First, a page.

Secularism as seen by the major political groups in India is biased against Hindu or Muslim community. Religious or casteist fanaticism is further vitiating the political atmosphere. Gandhian secularism will promote mutual trust and understanding of each others faith. This element is lacking in the secularism pursued by the State and the political parties today.
To keep the focus on the objective the Preamble should be amended to read ‘We, the people of India, having solemnly resolved to constitute India into a Gandhian Republic’ and to secure to all its citizens …..etc.’
A Gandhian Republic would automatically bring the needs of the poorest of the poor into the focus of decision makers, discourage acquisitions beyond need and eliminate forces that disrupt democracy, justice, peace and stability. India’s 640,000 villages will be empowered to govern themselves and be self-reliant in every respect. A democracy based on Gram Swaraj will be vibrant and enduring. Elections will be inexpensive, violence free and localized.
The Gandhian Republic of India may be structured as follows:
President District Panchayat/
State Vigilance Officer
PrimeMinister/ Cabinet Secretary
1. In Gandhian democratic process some 1000 voters will constitute the Gram Sabha that will elect a ten-member Panchyat. Nagar sabhas will correspond to town or city wards and each will also elect its own Nagar Panchayat.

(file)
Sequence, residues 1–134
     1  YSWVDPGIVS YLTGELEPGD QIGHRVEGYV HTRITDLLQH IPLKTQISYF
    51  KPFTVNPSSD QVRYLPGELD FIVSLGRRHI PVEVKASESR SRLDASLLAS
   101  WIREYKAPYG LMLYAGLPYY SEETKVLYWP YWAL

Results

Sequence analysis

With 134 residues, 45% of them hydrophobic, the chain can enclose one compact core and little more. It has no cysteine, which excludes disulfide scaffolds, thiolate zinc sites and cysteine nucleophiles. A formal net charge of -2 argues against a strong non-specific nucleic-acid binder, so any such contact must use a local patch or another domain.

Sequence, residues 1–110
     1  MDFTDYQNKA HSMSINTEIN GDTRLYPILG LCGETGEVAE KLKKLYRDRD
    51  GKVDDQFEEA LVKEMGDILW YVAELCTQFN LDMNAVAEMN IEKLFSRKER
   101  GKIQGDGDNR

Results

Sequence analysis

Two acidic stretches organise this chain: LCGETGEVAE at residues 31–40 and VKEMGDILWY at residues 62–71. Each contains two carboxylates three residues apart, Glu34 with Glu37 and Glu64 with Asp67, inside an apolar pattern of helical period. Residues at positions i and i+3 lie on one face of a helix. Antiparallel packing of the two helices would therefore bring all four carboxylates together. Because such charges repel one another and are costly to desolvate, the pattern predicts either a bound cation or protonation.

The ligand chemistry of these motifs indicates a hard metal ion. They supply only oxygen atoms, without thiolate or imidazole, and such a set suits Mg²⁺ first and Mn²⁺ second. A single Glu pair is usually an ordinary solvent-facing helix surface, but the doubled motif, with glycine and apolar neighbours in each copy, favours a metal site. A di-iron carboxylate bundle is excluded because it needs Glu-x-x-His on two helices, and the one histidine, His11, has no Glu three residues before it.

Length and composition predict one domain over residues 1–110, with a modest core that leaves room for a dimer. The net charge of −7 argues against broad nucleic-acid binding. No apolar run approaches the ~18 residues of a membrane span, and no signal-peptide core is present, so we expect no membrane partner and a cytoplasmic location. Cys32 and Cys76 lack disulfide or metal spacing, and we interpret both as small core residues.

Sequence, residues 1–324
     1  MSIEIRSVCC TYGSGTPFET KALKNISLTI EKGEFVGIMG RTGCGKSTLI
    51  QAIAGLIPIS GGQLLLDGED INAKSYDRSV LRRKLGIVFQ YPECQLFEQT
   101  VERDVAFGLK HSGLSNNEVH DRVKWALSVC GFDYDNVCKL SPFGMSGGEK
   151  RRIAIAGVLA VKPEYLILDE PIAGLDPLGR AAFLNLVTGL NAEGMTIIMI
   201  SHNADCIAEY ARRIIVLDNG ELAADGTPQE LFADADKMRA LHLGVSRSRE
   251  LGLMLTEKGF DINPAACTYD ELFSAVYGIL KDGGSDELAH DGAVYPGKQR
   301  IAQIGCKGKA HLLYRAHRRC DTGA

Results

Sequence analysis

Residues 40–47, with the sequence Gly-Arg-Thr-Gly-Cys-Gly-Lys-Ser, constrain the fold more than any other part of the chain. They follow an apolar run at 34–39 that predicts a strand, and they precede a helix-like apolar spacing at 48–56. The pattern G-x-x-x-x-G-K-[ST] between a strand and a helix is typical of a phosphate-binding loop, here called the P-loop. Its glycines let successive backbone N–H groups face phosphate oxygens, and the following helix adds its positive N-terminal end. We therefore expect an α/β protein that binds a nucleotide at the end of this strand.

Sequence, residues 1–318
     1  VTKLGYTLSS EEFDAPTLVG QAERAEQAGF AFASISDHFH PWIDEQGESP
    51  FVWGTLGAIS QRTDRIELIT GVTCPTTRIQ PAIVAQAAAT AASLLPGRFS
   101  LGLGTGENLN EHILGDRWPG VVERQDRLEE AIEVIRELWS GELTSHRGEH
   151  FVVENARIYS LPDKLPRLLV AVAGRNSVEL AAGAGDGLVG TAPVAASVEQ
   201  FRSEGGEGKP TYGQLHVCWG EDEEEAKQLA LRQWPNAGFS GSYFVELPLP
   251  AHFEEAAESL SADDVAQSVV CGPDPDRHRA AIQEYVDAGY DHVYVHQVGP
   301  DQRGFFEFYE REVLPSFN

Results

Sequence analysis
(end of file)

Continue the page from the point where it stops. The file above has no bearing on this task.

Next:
2. Panchyat members will elect a President who will also be a member of the District Panchayat. The District Panchayats, comprising about 500 members each, in turn will elect seven members from among themselves to the State Assembly and one member to the Parliament. There will be no intermediary Panchayts. With no direct elections to State Assembly or Parliament political parties will be kept out and the election procedure would be simple, clean and inexpensive.
3. Administrative powers will be decentralized and each district will have full autonomy. The Chair-person of the District Panchayat will function in tandem with the District Collector in the administration of the District.
4. The conduct of elections at every stage will be the sole responsibility of the Election Commission. The Vigilance Commission will be the watch dog of all political, administrative and judicial activity. Both the Commissions will have full autonomy and the necessary authority, manpower and equipment in the execution of their functions without any political interference. The investigating agencies both at the state and centre will come under the jurisdiction of the Vigilance Commission.
5. Along with the Legislature, Executive, Judiciary and a Free Press, the Electkion Commission and the Vigilance Commission will constitute the Pillars of Democracy.
6. In Gandhian Republic the economic policy will be holistic development of villages and equal distribution of wealth on the basis of ‘lakhiers all, no crorepathis’ Excess income and acquisition of wealth beyond the upper limit will be heavily taxed and scrutinized for legitimate source. Illegal acquisitions will be confiscated and the persons penalized.